Plov recipe on plovism
If you have to Central Aisa, you are well aware of the significance of plov it is a dish cooked for all major celebrations (but also in times of crisis) to feed the large masses of guests, neighbours and passerby. I have said this numerous times already, but it is important to emphasize this each and every time - there is no single recipe for plov. Each province of Uzbekistan takes pride in its own version and each one is magical in its own way. People in Central Asia eat seasonally and this also impacts plov. In the spring, some like to add little dolma made with grape leaves (amazing), I absolutely love this version. In the late fall and winter, people add quinces and tend to make plov on the heavier side, giving each ingredient a bit more colour in response to the greyness outside.
Usually, plov is considered to be a difficult dish to make. Why? The reason is that it incorporates several methods of cooking and all of them are taking place in one pot. First, you fry (onions, meant and carrots), then you stew (all these ingredients + garlic and other additions), then you cook (the rice, allowing to absorb the delicious broth), and finally, you steam (the rice, making it fluffy). Of course, this fact calls for some focus and concentration, but both come with practice.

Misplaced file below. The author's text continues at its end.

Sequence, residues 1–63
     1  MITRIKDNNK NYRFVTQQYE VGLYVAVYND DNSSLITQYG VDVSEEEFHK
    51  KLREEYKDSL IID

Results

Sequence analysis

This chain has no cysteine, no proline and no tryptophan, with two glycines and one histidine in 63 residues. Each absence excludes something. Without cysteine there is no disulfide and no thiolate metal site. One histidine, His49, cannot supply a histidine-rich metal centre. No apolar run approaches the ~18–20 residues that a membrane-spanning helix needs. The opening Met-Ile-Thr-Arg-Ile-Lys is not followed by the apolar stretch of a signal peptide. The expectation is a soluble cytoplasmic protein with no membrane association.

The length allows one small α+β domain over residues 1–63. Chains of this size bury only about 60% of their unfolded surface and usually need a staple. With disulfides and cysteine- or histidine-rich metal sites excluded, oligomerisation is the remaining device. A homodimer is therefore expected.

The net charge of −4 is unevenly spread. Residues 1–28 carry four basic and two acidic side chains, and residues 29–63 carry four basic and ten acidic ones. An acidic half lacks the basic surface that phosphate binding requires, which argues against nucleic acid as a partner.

Too many people hesitate to make plov at home in regular apartment kitchens, claiming that they have no kazan (Central Asian thick-walled pot) or that real plov can only be made over an open fire. I do not buy these arguments. Make plov, no matter what! There is always a way, even if you are far away from your home.
I used a thick-walled wok. It works very well, in fact, almost like a kazan, as its shape is a half-sphere. I used two types of oil, sunflower and olive oil. When you mix oils, plov tends to be tastier. In the Netherlands, I buy Italian arborio rice, usually used for dishes that are relatives of plov (such as risotto), but are also its antipodes, as plov likes to be fluffy and not sticky. To reach the desired fluffiness you need to take 2 steps 1) soak the rice in warm salted water, 2) when rice goes into the zirvak (the stock you make), give it some rapid boiling, this way the excess starch will break away.
Everything else is much more simple than you think. Follow the video. Experiment. Travel to Uzbekistan. Enjoy life!